2. The restaurant thing – we take toys and colouring, like when I was a kid. Actually, when I was a kid, we never went to restaurants because they were “treats” that happened once every 2 months if that. So back to the crazy Nukus – We talk! And we laugh! And we have fun! And we eat properly and we chew the food! Crazy right??? And looking around the restaurant while I’m seated with my family and see that we may possibly be one of “those” families who don’t let their kids have devices at the dinner table – I’m like “haha! I know something about your kids brain that you might not!” OK, that’s probably going a bit far and the fact that I’m writing this means I want you to know about it too. Sharing is caring.
  3. And playdates with other kids who are using iPads? Sol will sit down and want to check out what they are watching and then he will get up and run away to play with THEIR toys cos he knows he won’t have to share them if they are otherwise engaged – so smart!

So, the future? I know that as school progresses, one of the best tools we can offer Sol is the ability to type. His writing will always be a challenge (from other dypraxia blogs I follow) and being able to type will allow him to keep up with the school work and meet deadlines for assignments. But that’s NOT right now. Right now, he is the happiest, little dude. The iPad sent him to a dark place, like switching off the light of creativity inside of him. The light is back on and we are going to let that human light shine, and not the dull pulsating white light of an iPad screen.

If you need the science to help you make a well-informed decision – click on the link

The effects of Screentime on a Child’s Brain

Homeschooling – so far….

I’ve just come home from a massage. Yes – the last time I came home from a massage to write my blog post “Forth Time Lucky” – that was full on – wine, tears and typing. So best be ready.

Sol has been homeschooled for 6 weeks now. I’m going to list the positives and the negatives to date:

POSITIVES

  • Sol struggled to hold a pencil or pen properly to write. Granted he is just 5 years old but without consistent OT intervention, I wasn’t sure how this would improve in a school setting. At home, Sol has a slanted writing board where he can clip on paper. He has a seat with a non-slip cushion and a foot roller that allows him to regulate his sensory processing and this means he can comfortably FOCUS on trying to write with the correct pencil grip. He would probably NOT have this in a group classroom at school.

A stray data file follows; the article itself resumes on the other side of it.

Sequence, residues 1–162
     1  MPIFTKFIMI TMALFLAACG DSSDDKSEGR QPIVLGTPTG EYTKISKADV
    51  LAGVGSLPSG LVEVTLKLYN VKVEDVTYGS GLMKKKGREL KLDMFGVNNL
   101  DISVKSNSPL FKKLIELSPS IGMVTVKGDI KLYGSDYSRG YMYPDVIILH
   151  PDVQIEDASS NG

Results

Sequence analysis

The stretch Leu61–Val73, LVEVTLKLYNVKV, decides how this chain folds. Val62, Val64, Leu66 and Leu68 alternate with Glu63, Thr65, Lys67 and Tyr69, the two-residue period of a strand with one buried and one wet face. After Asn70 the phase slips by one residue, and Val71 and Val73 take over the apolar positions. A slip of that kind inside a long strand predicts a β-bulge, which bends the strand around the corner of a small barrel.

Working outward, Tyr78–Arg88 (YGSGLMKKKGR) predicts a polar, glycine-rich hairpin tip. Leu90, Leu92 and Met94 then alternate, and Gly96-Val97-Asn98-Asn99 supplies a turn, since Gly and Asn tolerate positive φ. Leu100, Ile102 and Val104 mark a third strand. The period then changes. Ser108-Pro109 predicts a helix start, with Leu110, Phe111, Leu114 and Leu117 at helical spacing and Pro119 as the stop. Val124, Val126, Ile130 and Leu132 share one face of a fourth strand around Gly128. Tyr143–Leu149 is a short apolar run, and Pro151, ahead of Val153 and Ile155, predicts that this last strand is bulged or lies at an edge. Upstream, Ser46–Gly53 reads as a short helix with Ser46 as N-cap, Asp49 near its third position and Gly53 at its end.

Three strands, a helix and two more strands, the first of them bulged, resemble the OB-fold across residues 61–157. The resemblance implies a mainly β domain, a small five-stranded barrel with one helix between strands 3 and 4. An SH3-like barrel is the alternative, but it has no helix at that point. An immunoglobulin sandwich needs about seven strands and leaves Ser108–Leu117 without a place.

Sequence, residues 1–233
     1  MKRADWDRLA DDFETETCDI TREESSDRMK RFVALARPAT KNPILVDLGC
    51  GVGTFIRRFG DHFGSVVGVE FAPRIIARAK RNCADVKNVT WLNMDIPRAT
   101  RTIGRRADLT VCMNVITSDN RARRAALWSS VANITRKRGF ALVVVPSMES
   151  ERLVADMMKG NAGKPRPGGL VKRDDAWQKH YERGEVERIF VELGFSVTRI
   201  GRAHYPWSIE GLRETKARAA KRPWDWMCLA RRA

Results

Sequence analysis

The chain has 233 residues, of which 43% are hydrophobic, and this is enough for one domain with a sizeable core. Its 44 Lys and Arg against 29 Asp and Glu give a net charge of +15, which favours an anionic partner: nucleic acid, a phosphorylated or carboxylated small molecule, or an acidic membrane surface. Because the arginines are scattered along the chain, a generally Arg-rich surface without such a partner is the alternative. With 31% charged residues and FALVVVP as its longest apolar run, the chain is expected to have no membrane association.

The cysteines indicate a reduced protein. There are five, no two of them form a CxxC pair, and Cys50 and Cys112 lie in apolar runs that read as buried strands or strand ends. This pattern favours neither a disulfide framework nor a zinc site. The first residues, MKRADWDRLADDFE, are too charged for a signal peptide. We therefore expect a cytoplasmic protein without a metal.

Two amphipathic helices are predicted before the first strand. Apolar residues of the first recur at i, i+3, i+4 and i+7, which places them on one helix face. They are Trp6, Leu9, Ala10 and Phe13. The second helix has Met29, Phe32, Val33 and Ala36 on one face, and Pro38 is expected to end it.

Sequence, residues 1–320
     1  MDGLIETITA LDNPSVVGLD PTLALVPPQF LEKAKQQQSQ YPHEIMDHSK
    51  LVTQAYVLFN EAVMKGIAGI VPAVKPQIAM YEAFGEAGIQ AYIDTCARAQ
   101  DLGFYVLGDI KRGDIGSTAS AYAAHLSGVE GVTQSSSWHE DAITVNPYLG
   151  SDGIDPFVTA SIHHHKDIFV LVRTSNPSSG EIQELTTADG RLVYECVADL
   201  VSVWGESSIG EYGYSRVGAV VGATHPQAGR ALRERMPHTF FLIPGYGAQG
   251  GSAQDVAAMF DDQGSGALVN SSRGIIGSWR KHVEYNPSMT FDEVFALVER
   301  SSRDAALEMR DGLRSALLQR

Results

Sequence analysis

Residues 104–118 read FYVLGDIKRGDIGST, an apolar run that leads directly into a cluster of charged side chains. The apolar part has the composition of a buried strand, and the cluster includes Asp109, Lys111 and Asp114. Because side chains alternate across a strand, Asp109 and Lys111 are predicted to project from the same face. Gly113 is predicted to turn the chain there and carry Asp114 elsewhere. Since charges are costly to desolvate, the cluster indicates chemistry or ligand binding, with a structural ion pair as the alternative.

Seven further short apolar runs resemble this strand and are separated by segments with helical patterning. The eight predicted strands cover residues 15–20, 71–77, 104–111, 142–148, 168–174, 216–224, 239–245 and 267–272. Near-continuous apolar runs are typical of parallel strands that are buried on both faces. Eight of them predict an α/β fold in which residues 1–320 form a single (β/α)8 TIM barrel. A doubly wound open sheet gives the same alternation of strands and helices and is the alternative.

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Sol can Write!

  • There are no distractions. Sol’s dyspraxia means that with lots of noise and movement, he is very easily distracted. He is not able to focus on multiple requests. He needs one request at a time. With NO distraction, Sol can execute what is asked of him. A recent social experiment – Sol and I were in a busy cafe and a good friend came up to say HI and ask Sol how he was doing. Despite the fact that Sol knows this person very well, he was not able to answer. Thirty minutes later, the cafe had cleared out somewhat and our friend came back to speak with Sol again, and then Sol commenced to communicate without distraction.
  • No distractions mean that Sol is picking up speed on areas that he was behind in when he was in a classroom setting. My concerns were that he was behind on reading and writing and in SIX WEEKS, I do not have those concerns anymore. Can I just say that this realisation is worth the anxiety of starting Sol in homeschooling. Sol is starting to read and understand sounds and language, as well as transfer this across to writing words and I couldn’t be more proud of him.
  • Sol can take “sensory breaks” as and when he needs it. There is overwhelming research and support  to show that young children cannot be expected to sit still for longer than 15 mins. Sol can easily do 15 mins or more at home but we make it part of his learning to take a break on the trampoline or some playtime outside and “recap” his lesson while he is moving. Just think about that a second – how many people do you know that use exercise or movement to help them work through an issue, problem or idea? I know I do it!